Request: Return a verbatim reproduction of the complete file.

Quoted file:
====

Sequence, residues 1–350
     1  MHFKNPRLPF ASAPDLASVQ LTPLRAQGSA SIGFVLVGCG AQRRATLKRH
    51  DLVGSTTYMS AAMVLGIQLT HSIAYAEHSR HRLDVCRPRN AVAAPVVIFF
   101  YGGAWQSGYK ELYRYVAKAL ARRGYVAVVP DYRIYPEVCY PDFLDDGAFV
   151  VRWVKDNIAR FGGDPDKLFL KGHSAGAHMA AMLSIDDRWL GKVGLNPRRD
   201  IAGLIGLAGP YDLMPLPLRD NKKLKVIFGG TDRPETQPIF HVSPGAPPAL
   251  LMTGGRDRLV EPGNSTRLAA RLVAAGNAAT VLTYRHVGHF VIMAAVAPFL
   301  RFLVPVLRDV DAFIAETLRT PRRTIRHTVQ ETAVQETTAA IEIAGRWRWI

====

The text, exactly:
Sequence, residues 1–350
     1  MHFKNPRLPF ASAPDLASVQ LTPLRAQGSA SIGFVLVGCG AQRRATLKRH
    51  DLVGSTTYMS AAMVLGIQLT HSIAYAEHSR HRLDVCRPRN AVAAPVVIFF
   101  YGGAWQSGYK ELYRYVAKAL ARRGYVAVVP DYRIYPEVCY PDFLDDGAFV
   151  VRWVKDNIAR FGGDPDKLFL KGHSAGAHMA AMLSIDDRWL GKVGLNPRRD
   201  IAGLIGLAGP YDLMPLPLRD NKKLKVIFGG TDRPETQPIF HVSPGAPPAL
   251  LMTGGRDRLV EPGNSTRLAA RLVAAGNAAT VLTYRHVGHF VIMAAVAPFL
   301  RFLVPVLRDV DAFIAETLRT PRRTIRHTVQ ETAVQETTAA IEIAGRWRWI